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Today In Charleston History: August 28

1671 – Legal.

First recorded case of litigation in the Carolina colony was heard by Governor West and the Grand Council – an argument over timber rights of an area – John Norton and Originall Jackson against Mr. Maurice Mathews, Mr. Thomas Gray and Mr. William Owen.

1706 – Queen Anne’s War

The French raised a flag of truce, and Gov. Johnson sent a galley out to make inquiries. A French officer was brought to shore and kept at Granville Bastion before being escorted to the governor. As he was slow marched through the street, the Frenchman was greeted by militia stationed between buildings and on the side streets. It seemed Charles Town had more than four times the soldiers than they thought. He did not realize that he was actually seeing the same group of militia who were running from one street to the other, staying just ahead of the slow-marching prisoner.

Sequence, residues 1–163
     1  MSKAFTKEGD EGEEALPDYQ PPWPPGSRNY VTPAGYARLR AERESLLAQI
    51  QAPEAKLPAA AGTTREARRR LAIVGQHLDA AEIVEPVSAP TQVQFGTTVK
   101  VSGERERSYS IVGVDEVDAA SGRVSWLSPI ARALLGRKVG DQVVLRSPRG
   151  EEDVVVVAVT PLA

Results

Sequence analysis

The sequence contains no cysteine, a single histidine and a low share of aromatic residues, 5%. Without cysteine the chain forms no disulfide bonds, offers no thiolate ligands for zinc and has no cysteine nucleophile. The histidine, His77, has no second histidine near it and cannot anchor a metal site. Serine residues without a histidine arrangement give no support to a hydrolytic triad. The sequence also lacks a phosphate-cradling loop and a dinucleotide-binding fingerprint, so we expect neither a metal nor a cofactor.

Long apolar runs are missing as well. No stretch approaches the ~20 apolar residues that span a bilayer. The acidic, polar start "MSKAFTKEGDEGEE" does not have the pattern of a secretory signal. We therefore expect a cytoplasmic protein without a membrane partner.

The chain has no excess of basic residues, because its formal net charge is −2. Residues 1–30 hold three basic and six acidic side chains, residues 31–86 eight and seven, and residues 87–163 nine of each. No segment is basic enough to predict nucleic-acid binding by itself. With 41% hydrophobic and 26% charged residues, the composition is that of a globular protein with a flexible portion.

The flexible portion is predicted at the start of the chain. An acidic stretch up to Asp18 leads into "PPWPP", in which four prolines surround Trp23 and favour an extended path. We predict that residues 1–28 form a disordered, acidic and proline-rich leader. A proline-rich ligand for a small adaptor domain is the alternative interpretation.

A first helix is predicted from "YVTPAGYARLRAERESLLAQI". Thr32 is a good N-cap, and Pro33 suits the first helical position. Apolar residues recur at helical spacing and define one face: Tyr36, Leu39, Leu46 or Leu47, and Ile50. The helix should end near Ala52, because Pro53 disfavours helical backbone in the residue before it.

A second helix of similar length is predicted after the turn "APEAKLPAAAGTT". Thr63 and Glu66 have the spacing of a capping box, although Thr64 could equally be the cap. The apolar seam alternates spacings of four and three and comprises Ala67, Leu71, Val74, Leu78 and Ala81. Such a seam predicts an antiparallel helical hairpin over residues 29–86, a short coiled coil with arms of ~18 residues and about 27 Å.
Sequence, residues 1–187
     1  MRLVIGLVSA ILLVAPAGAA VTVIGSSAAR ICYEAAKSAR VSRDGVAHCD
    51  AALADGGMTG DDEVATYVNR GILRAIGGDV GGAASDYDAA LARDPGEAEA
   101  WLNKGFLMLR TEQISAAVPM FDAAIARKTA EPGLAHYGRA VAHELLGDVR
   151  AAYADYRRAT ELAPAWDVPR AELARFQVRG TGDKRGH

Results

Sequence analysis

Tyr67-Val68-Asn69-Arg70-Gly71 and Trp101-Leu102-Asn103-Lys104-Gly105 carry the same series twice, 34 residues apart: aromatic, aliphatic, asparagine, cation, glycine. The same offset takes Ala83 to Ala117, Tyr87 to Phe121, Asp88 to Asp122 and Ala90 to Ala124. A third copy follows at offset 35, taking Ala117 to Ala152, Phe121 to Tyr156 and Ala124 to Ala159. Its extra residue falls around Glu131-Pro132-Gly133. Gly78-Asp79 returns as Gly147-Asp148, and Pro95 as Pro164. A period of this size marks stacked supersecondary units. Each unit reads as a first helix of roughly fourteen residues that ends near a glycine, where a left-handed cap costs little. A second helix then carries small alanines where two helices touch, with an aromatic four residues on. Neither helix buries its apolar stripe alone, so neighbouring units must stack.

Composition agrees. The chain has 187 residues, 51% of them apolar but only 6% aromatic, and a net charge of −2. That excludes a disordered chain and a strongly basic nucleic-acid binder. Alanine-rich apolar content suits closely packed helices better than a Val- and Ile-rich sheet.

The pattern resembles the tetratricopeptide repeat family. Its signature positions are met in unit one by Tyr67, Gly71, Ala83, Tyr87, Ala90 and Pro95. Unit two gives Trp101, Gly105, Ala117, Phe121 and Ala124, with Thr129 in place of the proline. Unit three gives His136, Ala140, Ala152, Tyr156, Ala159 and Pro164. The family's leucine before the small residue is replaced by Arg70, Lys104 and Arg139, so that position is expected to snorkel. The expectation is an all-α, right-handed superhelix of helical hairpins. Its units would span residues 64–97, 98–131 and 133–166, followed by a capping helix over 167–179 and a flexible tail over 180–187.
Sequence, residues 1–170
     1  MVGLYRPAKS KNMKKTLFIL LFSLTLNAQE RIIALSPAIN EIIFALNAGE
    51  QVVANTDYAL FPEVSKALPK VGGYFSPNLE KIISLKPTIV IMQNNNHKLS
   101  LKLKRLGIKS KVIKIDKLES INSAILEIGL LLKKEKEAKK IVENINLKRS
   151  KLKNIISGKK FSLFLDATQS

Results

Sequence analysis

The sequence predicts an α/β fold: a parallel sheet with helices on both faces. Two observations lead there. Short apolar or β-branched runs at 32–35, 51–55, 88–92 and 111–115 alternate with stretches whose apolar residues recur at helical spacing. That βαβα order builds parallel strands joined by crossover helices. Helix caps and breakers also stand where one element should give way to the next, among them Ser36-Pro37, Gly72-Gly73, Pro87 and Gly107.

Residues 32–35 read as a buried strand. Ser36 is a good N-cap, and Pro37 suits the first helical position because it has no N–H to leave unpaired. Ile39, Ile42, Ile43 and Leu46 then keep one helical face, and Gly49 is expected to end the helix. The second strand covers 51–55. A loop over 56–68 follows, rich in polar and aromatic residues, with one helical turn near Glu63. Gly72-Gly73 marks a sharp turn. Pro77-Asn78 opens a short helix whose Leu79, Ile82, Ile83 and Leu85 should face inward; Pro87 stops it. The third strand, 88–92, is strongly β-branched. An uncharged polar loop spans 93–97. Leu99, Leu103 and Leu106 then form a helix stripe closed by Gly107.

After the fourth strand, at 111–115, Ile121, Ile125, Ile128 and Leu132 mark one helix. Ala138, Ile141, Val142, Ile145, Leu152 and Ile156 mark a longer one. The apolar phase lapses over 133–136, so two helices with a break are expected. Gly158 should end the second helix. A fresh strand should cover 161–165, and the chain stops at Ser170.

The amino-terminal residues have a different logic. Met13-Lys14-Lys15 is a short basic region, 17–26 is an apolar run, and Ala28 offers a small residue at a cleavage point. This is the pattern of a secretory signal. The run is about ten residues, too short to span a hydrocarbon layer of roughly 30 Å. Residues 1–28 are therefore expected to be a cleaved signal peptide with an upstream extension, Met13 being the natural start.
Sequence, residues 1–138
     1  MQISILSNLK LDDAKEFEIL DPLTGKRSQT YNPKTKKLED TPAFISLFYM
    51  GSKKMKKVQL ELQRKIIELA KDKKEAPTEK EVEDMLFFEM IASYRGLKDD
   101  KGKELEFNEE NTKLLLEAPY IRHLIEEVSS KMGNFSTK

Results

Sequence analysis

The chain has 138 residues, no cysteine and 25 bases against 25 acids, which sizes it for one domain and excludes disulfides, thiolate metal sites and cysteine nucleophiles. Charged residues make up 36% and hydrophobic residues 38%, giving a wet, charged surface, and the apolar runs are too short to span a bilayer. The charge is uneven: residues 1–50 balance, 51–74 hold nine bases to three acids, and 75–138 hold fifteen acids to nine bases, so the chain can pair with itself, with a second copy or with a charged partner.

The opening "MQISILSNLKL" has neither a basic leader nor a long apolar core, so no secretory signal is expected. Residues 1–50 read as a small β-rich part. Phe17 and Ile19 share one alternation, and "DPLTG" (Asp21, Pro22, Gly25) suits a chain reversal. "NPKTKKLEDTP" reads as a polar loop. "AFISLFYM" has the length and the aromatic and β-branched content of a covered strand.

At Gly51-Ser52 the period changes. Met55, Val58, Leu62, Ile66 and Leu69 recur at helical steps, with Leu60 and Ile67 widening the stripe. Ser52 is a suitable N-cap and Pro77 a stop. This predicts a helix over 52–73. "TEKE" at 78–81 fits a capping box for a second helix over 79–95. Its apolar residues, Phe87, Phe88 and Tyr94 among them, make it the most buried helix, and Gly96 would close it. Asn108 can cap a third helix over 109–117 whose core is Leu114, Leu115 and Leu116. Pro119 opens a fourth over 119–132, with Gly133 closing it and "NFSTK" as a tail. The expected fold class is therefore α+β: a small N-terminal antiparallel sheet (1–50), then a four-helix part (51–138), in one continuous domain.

Upon being received by Gov. Johnson the French officer demanded the city surrender within the hour. Johnson responded he “would not need a minute to reply in the negative.”


1805 – Deaths

gadsdenChristopher Gadsden died in Charleston at the age of eighty-one. He had been suffering dizzy spells and one morning on his walk, he slipped and hit head while crossing a ditch. Governor Paul Hamilton ordered a thirty day mourning period. The day of Gadsden’s funeral, a salute was fired from Fort Johnson every ten minutes from dawn until his interment at 1:00 p.m. He was buried at St. Philip’s Church in an unmarked grave, following the instructions left in his will.

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